Quercus hemispherica

Diamond Oak, Sand Laurel Oak, Upland Laurel Oak

Fagaceae

Plant Specifics

Form:Tree
Life Span:Long-lived perennial
Flower Color:NA
Fruit Color:Brown
Phenology:Deciduous
Noted for:-

Landscaping

Recommended Uses:Shade tree where fast growth is needed. Tardily deciduous.
Considerations:Do not plant overly close to foundations. Also be aware that this is not one of the stronger or longer lived oaks--not wind-resistant as most other oaks. Lives approximately 50 years.
Propagation:Seed
Availability:Big box stores, Native nurseries, FNPS plant sales, Quality nurseries, Seed
Light: Full Sun,  Part Shade
Moisture Tolerance:
always floodedextremely dry
 (Not wet but not extremely dry ----- to ----- Somewhat long very dry periods)
Moisture Tolerance: Not wet but not extremely dry ----- to ----- Somewhat long very dry periods
Salt Water Flooding Tolerance:Not salt tolerant of inundation by salty or brackish water.
Salt Spray/ Salty Soil Tolerance:Low/no tolerance of salty wind or direct salt spray
Soil or other substrate:Clay, Loam, Sand
Soil pH:Adaptable (usually acidic)

Ecology

Wildlife:
  

  • Produces acorns that are used by rodents, including squirrels, and other mammals
  • Acorns used by woodpeckers, jays, and wild turkeys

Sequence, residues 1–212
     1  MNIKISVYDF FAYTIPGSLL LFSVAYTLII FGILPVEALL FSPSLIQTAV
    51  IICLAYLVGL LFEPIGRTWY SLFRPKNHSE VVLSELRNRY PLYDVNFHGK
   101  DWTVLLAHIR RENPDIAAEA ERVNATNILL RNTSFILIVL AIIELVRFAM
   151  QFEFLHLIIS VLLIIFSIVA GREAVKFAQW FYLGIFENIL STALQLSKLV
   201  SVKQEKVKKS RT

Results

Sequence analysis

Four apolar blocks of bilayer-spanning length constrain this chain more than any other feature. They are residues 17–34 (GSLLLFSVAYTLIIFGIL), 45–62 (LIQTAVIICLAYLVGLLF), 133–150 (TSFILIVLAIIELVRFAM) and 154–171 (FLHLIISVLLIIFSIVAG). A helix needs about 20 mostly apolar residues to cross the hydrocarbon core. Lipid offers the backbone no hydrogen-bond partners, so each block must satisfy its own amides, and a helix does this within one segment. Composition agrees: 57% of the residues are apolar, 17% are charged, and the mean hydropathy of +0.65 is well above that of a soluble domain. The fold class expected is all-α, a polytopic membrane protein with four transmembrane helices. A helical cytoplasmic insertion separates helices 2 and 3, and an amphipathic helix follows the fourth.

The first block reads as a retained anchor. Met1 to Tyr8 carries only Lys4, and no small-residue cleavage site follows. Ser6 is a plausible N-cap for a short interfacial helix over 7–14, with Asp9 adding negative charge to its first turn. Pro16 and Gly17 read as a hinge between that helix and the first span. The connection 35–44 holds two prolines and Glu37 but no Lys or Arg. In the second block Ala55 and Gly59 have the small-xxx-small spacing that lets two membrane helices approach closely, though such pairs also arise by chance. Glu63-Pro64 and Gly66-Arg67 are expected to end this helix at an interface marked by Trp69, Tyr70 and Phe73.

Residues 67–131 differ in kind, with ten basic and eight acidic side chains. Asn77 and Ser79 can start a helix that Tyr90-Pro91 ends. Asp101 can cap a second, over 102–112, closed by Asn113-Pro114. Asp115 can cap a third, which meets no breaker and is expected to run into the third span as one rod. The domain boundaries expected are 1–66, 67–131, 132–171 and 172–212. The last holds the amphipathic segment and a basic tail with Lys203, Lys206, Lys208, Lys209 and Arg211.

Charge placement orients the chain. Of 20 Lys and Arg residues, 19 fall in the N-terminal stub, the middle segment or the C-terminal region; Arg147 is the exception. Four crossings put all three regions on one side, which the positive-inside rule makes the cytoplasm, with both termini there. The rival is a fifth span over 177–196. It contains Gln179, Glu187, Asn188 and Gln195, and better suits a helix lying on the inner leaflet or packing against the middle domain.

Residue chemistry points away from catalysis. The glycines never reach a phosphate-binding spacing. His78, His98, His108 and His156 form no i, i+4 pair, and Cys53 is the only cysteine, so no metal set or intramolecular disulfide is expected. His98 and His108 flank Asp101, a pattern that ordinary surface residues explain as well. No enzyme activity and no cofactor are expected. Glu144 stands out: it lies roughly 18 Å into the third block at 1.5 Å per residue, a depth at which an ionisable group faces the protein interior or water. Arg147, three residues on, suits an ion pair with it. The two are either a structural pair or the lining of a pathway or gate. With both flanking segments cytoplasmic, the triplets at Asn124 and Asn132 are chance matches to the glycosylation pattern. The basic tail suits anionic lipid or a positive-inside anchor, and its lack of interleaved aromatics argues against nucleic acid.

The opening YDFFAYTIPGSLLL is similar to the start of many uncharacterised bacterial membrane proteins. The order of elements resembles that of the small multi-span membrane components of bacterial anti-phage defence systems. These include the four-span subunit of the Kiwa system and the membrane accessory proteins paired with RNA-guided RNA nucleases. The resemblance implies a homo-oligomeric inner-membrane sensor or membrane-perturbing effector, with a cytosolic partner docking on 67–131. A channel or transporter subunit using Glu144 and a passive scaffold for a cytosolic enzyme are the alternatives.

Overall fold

• Used for cover and nesting by a variety of bird species

Insects:
 

  • Larval host for Horace’s Duskywing (Erynnis horatius) and White M Hairstreak (Parrhasius m-album).
  • Larval host for several moth species (some of the caterpillars are not appreciated)

Native Habitats:Dry flatwoods with fire exclusion, disturbed uplands.

Distribution and Planting Zones

Natural Range in Florida
USDA Zones

Suitable to grow in:
10A 8A 8B 9A 9B 

USDA zones are based on minimum winter temperatures

Comments

General Comments:

Depending on who you ask, there are two laurel oaks in Florida.  Q. laurifolia (swamp laurel oak) and Q. hemisphaerica (Darlington oak, sand laurel oak). 

The taxonomists don't agree, and it appears that the two are distinctively different in north Florida but very much alike in southern and south Florida.

Even if they are one species, this would be a ecotype that is more suited to drier settings.

They are separated here because on is a wetland and floodplain plant, the other grows in dry uplands.  Some authors note that regardless of ID, they get planted without much regard for origin or drainage.